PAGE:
8 If your child's solution worked, and the teasing stopped, great! If not, you will have to intervene with the school authorities and the other adults involved. Before you do, make sure your child knows your plan and agrees to it.

The bullying epidemic we are struggling with now may have been avoided if we had intervened earlier, tolerated less, and stood firm that bullying is not a normal, acceptable part of childhood. We need to shape a new "normal" when it comes to "childhood teasing," eliminating it once and for all.

Deborah Johnson,an adoptee from South Korea, is a Minneapolis-based social worker. She has 25 years of experience working with adoptive families and is currently the director of a heritage travel company, Kindred Journeys International.

GETTING THE SCHOOL TO UNDERSTAND

Bullying should not be considered a "normal" part of childhood, but administrators and teachers may not understand the seriousness of "playground teasing."

Start with the teacher. It will hard to get cooperation if you "go over her head." She may not have been aware of the situation, and may welcome the opportunity to address it. Tell your child you are meeting with the teacher and have him participate.

Show that you understand the teacher's busy schedule. Say, "I am sure you can't possibly see and hear everything that goes on in the classroom and the playground. But something very upsetting has been happening to my son." Your child should then tell the teacher what's been happening. You can follow up with, "As you would expect, my son has been very upset by this racial teasing. He didn't want to tell me, but this has been going on for several weeks. Lately, he hasn't wanted to come to school."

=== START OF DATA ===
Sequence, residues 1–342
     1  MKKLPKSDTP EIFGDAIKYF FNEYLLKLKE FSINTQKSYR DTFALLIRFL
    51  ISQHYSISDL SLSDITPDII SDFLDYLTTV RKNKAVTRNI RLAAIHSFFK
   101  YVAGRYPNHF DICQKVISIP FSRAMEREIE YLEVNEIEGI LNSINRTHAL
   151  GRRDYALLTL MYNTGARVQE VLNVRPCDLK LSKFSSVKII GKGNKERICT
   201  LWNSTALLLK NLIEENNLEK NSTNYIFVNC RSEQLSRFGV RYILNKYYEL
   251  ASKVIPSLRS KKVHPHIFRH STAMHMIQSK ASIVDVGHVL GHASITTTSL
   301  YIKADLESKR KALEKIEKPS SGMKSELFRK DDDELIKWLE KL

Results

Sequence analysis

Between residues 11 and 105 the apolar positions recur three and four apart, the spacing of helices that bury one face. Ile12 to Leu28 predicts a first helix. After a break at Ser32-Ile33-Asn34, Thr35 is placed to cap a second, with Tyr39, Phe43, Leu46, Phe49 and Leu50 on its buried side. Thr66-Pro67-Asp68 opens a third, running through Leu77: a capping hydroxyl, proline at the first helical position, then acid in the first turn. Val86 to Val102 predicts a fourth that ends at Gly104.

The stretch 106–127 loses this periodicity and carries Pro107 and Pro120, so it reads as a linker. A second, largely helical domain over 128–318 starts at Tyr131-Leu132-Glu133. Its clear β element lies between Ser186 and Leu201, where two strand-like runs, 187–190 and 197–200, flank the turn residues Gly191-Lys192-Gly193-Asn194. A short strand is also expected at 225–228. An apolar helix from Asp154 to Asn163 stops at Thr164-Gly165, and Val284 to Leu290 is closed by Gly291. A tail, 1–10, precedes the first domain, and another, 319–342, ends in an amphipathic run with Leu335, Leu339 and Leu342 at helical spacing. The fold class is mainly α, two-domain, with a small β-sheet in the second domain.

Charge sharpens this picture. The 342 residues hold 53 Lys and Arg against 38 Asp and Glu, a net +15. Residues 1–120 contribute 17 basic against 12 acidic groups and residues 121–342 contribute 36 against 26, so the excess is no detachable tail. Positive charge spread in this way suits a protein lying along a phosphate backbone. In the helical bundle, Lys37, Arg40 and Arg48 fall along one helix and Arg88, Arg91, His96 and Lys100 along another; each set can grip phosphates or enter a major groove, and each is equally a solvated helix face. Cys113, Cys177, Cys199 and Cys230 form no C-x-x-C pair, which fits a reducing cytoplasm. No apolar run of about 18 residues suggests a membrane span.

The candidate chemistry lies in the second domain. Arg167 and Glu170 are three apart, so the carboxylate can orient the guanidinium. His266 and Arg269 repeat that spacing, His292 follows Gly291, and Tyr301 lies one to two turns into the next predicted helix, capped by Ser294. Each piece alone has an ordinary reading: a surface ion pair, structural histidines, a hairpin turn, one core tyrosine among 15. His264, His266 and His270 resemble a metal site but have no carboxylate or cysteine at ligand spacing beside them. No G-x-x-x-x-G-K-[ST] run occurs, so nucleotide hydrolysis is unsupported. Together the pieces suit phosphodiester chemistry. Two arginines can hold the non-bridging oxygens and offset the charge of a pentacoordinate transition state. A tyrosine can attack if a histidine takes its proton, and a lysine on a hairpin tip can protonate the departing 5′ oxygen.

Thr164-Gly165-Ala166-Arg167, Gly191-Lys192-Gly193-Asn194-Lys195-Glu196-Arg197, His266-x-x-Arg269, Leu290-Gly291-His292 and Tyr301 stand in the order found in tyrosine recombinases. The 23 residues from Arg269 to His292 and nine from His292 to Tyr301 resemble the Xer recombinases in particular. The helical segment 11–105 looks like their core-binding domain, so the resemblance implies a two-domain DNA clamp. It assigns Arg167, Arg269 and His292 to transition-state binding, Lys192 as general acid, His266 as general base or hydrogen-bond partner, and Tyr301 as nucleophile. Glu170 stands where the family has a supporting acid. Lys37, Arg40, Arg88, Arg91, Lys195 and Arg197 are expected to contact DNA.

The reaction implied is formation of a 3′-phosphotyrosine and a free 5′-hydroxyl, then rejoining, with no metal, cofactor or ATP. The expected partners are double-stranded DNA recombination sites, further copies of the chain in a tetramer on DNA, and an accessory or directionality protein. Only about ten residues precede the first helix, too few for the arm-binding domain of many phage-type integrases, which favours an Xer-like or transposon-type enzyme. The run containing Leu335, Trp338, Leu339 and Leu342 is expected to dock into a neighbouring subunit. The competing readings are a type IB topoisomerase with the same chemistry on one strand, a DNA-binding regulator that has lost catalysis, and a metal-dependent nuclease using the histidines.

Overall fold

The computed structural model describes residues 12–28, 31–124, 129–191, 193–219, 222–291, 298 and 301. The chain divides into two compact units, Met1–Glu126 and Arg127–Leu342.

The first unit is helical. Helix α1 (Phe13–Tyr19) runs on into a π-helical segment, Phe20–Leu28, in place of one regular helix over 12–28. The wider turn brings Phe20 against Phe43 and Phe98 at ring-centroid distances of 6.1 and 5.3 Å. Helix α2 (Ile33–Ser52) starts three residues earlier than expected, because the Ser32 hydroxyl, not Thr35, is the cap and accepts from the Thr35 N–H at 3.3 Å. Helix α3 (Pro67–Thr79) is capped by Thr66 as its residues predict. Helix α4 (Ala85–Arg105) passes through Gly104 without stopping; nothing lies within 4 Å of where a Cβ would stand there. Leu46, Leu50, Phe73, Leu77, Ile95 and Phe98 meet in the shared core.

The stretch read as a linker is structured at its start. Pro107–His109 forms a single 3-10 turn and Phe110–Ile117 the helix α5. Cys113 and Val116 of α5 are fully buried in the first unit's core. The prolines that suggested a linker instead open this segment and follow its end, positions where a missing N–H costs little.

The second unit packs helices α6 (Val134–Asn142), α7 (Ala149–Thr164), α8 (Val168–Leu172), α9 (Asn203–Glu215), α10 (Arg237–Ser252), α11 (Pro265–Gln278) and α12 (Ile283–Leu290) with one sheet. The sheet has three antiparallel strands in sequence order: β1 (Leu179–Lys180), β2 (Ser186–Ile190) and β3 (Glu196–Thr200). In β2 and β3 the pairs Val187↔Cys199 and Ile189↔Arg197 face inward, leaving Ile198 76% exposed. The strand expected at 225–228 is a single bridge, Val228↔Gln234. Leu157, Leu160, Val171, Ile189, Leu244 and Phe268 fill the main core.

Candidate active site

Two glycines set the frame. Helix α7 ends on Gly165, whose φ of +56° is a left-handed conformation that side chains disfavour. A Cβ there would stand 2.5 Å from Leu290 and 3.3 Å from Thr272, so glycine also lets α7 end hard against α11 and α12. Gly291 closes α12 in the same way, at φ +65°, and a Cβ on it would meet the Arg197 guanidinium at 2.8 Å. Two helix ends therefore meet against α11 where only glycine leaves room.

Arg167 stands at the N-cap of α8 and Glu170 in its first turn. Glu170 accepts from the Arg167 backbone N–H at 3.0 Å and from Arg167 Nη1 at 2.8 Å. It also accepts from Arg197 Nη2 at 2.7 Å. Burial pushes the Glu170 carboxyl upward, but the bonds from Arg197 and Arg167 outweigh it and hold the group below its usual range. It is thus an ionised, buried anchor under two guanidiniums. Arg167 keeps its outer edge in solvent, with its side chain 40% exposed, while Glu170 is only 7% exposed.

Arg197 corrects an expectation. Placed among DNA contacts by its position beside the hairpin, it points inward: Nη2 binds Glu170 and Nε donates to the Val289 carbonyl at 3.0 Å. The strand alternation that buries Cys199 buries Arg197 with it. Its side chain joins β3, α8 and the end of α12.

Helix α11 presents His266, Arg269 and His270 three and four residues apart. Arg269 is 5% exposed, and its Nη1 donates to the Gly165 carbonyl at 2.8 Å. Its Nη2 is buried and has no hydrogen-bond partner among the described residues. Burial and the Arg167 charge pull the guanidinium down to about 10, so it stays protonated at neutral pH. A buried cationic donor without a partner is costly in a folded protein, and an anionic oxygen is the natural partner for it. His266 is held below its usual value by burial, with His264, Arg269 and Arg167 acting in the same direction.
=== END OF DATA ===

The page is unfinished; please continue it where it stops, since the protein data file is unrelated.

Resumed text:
Be prepared for the teacher to say, "I had no idea that was a racial slur" or "Really? That's an offensive name?" In this case, ignorance is not an excuse. Let the teacher know that you find it disturbing that she is not aware of what is a racial slur nor of how damaging such slurs are to children. Make sure you come to a shared understanding of what constitutes a "racial incident."

Ask the teacher and administrators what their experience has been with racism and bullying in the school and whether there's a written policy in place. If they say they have a zero tolerance policy, ask how they reinforce it. Offer to provide the school resources (find several at adoptivefamilies.com/bullying) and information on this subject.


Discuss racist bullying and other issues with members of Transracial Families group on AdoptiveFamiliesCircle